1 Samuel 17:49-50 affirms that David killed Goliath:
“David put his hand in his bag, took out a stone, slung it, and struck the Philistine on his forehead; the stone sank into his forehead, and he fell face down on the ground. So David prevailed over the Philistine with a sling and a stone, striking down the Philistine and killing him; there was no sword in David’s hand” (1 Samuel 17:49-50 NRSV).
2 Samuel 21:19, affirms that Elhanan killed Goliath:
“Then there was another battle with the Philistines at Gob; and Elhanan son of Jaare-oregim, the Bethlehemite, killed Goliath the Gittite, the shaft of whose spear was like a weaver’s beam” (2 Samuel 21:19 NRSV).
These two passages have generated much interest because the second passage puts in doubt the traditional view that it was David who killed Goliath. Over the years, scholars and translators have proposed four different explanations to solve the problem. Most of them try to defend the traditional view that David killed Goliath.
In my first post, “Who Killed Goliath,” I discussed explanations one and two. The first explanation is that one of David’s warriors killed Goliath and that David received the credit for it. The second explanation is that David and Elhanan were the same person.
In my second post, “Who Killed Goliath – Part 2,” I discussed the text in 1 Chronicles 20:5 in which the Chronicler said that Elhanan did not kill Goliath, but the brother of Goliath. In that post I tried to show that 1 Chronicles 20:5 is a harmonization of the two texts designed to solve the problem and give David the credit for killing Goliath.
In my third and last post, I will discuss the fourth attempt at solving the problem. Then, I will propose a fifth explanation that I believe solves the problem, preserves the integrity of 2 Samuel 21:19, and is based on archaeological evidence.
The fourth attempt at explaining who killed Goliath is the correction of the text made by the translators of the King James Bible. This is how the translators of the King James Bible translated 2 Samuel 21:19:
“And there was again a battle in Gob with the Philistines, where Elhanan the son of Jaareoregim, a Bethlehemite, slew the brother of Goliath the Gittite, the staff of whose spear was like a weaver’s beam.”
In this translation, the words the brother of are in italics to indicate that the words are not in the Hebrew text and that the translators inserted these words in order to clarify the meaning of the text.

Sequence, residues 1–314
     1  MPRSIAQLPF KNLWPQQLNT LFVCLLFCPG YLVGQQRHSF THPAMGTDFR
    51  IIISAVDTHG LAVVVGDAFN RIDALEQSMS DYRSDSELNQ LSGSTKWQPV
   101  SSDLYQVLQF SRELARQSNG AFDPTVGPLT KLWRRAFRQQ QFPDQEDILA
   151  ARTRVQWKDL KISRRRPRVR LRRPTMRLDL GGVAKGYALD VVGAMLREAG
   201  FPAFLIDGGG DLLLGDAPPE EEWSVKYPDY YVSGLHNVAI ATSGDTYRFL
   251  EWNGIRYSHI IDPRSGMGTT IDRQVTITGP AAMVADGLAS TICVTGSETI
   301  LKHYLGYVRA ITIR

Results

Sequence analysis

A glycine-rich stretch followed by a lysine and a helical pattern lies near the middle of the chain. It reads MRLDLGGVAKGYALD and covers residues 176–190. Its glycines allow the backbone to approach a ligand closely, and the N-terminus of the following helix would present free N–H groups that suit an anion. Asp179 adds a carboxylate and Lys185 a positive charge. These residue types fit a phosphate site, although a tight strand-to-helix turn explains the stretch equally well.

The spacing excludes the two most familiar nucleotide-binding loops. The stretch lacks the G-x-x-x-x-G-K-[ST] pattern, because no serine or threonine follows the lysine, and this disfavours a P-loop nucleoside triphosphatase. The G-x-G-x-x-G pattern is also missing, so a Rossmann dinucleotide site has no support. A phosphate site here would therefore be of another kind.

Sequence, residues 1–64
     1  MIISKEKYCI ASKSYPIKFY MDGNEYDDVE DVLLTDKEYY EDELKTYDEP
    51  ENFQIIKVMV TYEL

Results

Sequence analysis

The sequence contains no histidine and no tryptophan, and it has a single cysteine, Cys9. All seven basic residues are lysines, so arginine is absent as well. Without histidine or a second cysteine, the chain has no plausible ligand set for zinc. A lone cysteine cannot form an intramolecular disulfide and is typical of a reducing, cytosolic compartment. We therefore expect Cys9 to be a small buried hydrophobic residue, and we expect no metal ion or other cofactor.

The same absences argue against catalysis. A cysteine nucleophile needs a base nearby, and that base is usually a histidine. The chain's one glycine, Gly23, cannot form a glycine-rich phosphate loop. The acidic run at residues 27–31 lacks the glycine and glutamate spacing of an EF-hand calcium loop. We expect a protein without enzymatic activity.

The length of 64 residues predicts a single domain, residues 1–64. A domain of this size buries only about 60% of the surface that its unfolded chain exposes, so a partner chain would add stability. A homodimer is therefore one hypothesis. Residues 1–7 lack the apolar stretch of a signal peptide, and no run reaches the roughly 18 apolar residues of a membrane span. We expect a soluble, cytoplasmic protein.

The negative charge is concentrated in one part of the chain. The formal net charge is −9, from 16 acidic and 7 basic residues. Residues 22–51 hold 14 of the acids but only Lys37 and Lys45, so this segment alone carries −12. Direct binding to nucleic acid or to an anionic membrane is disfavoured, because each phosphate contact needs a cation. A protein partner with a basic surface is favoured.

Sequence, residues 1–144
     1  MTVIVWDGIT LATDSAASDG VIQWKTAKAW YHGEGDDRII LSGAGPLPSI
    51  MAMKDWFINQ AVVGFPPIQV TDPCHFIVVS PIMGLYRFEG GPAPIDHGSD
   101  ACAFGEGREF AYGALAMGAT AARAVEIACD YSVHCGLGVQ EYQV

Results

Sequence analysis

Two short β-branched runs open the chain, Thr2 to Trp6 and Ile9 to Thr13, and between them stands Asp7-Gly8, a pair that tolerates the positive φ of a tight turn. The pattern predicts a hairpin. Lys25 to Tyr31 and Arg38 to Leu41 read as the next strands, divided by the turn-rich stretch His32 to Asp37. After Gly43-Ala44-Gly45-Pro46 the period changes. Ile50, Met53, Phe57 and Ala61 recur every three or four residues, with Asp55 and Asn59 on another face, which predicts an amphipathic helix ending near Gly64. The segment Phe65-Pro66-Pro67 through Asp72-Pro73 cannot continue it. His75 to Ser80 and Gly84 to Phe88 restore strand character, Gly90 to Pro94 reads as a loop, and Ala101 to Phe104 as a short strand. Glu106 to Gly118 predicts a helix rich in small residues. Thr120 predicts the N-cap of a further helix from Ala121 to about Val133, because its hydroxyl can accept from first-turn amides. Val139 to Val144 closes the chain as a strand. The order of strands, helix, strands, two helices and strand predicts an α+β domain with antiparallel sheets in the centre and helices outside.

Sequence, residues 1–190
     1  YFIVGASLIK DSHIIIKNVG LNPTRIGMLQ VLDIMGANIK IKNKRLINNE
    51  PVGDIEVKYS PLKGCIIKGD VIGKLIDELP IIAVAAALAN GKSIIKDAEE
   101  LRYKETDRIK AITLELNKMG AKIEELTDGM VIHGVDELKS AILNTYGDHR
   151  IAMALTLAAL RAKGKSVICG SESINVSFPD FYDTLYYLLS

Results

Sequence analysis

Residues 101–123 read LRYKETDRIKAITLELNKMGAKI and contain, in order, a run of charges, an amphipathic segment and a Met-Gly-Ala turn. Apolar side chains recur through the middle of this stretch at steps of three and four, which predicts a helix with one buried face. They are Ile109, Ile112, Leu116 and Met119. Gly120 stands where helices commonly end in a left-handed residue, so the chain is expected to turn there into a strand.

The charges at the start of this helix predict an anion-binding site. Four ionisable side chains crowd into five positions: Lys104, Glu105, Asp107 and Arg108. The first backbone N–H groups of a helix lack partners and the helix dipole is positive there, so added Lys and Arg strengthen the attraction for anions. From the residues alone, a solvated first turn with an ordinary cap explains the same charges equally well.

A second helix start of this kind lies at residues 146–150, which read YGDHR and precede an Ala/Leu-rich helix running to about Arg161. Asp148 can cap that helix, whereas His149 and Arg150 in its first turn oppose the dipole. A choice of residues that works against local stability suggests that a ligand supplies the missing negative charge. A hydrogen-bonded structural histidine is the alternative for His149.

It is important to emphasize this fact: the words the brother of are not in the Hebrew text. The words were added by the translator of the King James Bible. However, in doing so, they did not clarify the text. Rather, they changed the text and gave an interpretation to the text that changes completely what the text says.
Since the translators of the King James Bible could not explain the discrepancy between 1 Samuel 17:49-50 and 2 Samuel 21:19, the translators took what the text said in 1 Chronicles 20:5 and inserted its reading into 2 Samuel 21:19.
There is no textual tradition for the reading of the King James Bible. The insertion of the words the brother of is intrusive and it provides a false reading to the text, a reading that tells the reader that this is the correct meaning of the text when in reality, this reading is a manufactured reading. It is also misleading because it takes away the integrity of the text of 2 Samuel 21:19.
In order to preserve the original tradition of the story, that David killed Goliath, several translations follow the reading proposed by the King James Bible, among them The NET Bible, The New King James Version, the New Living Bible, and Today’s New International Version (TNIV).
The NIV 1984 does not follow the reading of the King James Bible. However, the NIV 2011 chose to follow the TNIV and adopted the reading of the King James Bible. This revision of the text in the NIV 2011 compromises the integrity of this revision because it shows the ideological bias of the translators.
So, if the four explanations discussed above do not solve the discrepancy between 1 Samuel 17:49-50 and 2 Samuel 21:19, what then is the solution to the problem? Below I will propose another explanation, but before I do so, let me explain the person of the giant Goliath.